Topic: EconomicsFinance

Last updated: August 17, 2019

Table of Contents

Introduction page 2
Review of Argumentspage 2 – 5
Critical Analysis of arguments and
Empirical evidence page 5 – 7
Conclusion page 8
References/Bibliographypage 9 – 10

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A review of Daron Acemoglu, Simon Johnson and James Robinson (2001) The Colonial Origins of Comparative Development: An Empirical Investigation.

American Economic Association: The American Economic Review.


In this paper by Daron Acemoglu, Simon Johnson and James Robinson (hereafter, AJR) they propose a hypothesis linking European settler mortality rates to modern day GDP per capita of former colonies. Namely the influence that settler mortality rates had on the type institutions established in the colonies and how the type of institutions established has directly affected modern day GDP per capita of former colonies. European’s used very different colonization policies, in different colonies with different institutions. A determining factor in the type of institution that was established was the feasibility of whether or not Europeans could settle in the colony. Settler mortality rates hugely influenced whether ‘Extractive institutions’ were set up or if the colony modeled itself after European institutions. Colonies that had unfavourable disease environments were harder to settle in due to European susceptibility to diseases such as malaria or yellow fever, both of which held very high mortality rates among European settlers due to their lack of built of immunization.
Review of Arguments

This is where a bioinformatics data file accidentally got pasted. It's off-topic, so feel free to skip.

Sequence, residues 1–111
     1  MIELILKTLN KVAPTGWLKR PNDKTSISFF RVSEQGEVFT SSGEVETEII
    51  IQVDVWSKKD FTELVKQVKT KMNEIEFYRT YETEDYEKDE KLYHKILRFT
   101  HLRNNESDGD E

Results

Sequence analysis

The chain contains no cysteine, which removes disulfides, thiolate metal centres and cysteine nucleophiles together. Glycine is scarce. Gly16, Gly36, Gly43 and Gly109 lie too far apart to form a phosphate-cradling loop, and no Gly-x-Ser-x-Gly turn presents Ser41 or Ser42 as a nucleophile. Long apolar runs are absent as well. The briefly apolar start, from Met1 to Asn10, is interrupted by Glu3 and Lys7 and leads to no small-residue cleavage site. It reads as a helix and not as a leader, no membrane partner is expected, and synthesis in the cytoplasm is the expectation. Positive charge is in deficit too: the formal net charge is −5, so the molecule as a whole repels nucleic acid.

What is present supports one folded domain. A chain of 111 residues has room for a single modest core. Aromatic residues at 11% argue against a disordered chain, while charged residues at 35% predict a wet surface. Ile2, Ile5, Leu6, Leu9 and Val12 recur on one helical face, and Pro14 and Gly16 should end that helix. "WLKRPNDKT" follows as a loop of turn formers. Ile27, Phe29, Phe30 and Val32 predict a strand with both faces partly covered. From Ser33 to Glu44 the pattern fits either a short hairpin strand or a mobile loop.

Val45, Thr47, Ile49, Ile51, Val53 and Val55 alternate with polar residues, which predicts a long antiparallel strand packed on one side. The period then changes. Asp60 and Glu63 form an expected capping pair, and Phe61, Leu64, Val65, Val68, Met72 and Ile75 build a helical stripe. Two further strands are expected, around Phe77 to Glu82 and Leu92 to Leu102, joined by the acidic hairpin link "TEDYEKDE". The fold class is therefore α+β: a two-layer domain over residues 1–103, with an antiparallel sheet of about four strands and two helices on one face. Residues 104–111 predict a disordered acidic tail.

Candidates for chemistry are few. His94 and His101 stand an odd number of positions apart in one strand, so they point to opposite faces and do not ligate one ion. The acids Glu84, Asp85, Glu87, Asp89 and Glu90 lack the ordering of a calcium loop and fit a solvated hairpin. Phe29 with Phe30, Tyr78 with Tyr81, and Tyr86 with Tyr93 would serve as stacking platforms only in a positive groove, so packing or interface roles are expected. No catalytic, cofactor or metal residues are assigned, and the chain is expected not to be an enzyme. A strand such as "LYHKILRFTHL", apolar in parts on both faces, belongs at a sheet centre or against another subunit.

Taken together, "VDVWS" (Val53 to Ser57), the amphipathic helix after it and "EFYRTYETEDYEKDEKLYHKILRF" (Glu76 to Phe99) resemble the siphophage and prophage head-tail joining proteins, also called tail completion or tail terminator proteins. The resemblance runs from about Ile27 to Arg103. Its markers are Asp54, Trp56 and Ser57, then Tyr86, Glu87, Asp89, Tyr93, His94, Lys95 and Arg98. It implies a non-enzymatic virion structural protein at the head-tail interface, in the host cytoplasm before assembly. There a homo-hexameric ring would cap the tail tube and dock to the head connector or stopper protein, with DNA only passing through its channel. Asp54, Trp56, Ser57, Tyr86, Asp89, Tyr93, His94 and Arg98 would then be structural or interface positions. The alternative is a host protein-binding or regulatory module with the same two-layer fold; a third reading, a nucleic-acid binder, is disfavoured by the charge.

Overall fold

AJR argue that initial settler mortality rates faced by Europeans in the colonies was the determining factor for the types of institutions that were established. In areas with a noxious disease environment colonists couldn’t possibly settle due to high mortality rates of diseases such as malaria and yellow fever which were both rampant at the time. In a colony with an unfavourable disease environment an ‘Extractive state’ was most often established; the objective of an extractive state was to transfer the largest amount of wealth from the colony to the colonizer for as little investment as required. Extractive states typically had poor property rights, no checks and balances on government power and incredibly high tax rates. An example would be that tax rates were four times higher in Tunisia than in France during colonial times (Young, 1994, p125); it’s estimated that fifty percent of Dahomeys GDP between 1905-1914 was extracted by France (Manning, 1982) On the other hand to extractive states is ‘Neo-Europes’ such as the USA, Australia, New Zealand or Canada. Neo-Europes were colonies that replicated European institutions with strong emphasis on private property laws along with checks and balances on government power. Using first stage estimates with no controls AJR estimate that approximately 25 percent of cross country income difference can be attributed to the differences in institutions established in former colonies (AJR, p1371) AJR argue that even when controls are used that there’s remarkably little change in the data even once you control for various exogenous factors. These results imply that Africa’s not worse off because of geographical factors as mentioned by some scholars but rather because of worse institutions that were set up as extractive institutions but have persisted to the modern day. AJR estimates imply that if you improved Nigeria’s institutions to the level of institutions in Chile, that in the long run lead to as much as a seven fold increase in Nigeria’s income (AJR, p1371). While this might seem incredibly high in reality Chile is over as eleven times as rich as Nigeria.